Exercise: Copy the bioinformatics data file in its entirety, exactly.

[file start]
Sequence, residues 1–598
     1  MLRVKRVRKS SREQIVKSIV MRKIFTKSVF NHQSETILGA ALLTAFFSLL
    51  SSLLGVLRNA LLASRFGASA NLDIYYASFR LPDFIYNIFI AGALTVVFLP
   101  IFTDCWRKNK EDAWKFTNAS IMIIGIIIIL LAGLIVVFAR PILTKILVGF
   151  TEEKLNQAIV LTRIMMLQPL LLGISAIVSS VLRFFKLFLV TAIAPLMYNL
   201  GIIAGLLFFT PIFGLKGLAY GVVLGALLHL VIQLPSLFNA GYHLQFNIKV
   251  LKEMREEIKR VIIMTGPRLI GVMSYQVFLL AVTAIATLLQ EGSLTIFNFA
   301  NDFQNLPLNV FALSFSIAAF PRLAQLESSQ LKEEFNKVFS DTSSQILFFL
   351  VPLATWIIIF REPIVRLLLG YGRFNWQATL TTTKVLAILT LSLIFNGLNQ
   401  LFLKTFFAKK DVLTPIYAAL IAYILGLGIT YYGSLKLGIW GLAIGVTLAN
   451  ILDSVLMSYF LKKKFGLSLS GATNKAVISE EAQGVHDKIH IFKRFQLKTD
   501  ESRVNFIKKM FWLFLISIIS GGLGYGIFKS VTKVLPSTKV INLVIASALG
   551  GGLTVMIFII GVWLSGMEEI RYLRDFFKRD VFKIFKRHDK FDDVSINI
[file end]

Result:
Sequence, residues 1–598
     1  MLRVKRVRKS SREQIVKSIV MRKIFTKSVF NHQSETILGA ALLTAFFSLL
    51  SSLLGVLRNA LLASRFGASA NLDIYYASFR LPDFIYNIFI AGALTVVFLP
   101  IFTDCWRKNK EDAWKFTNAS IMIIGIIIIL LAGLIVVFAR PILTKILVGF
   151  TEEKLNQAIV LTRIMMLQPL LLGISAIVSS VLRFFKLFLV TAIAPLMYNL
   201  GIIAGLLFFT PIFGLKGLAY GVVLGALLHL VIQLPSLFNA GYHLQFNIKV
   251  LKEMREEIKR VIIMTGPRLI GVMSYQVFLL AVTAIATLLQ EGSLTIFNFA
   301  NDFQNLPLNV FALSFSIAAF PRLAQLESSQ LKEEFNKVFS DTSSQILFFL
   351  VPLATWIIIF REPIVRLLLG YGRFNWQATL TTTKVLAILT LSLIFNGLNQ
   401  LFLKTFFAKK DVLTPIYAAL IAYILGLGIT YYGSLKLGIW GLAIGVTLAN
   451  ILDSVLMSYF LKKKFGLSLS GATNKAVISE EAQGVHDKIH IFKRFQLKTD
   501  ESRVNFIKKM FWLFLISIIS GGLGYGIFKS VTKVLPSTKV INLVIASALG
   551  GGLTVMIFII GVWLSGMEEI RYLRDFFKRD VFKIFKRHDK FDDVSINI